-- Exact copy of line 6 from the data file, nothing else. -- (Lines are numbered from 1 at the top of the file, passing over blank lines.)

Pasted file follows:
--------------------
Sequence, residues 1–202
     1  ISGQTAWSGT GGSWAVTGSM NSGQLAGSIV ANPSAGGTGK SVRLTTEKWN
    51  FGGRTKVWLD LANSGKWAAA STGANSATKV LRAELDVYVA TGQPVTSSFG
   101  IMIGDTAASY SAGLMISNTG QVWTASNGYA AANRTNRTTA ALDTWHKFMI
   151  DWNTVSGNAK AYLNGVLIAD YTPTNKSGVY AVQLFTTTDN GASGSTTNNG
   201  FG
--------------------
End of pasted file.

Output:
   201  FG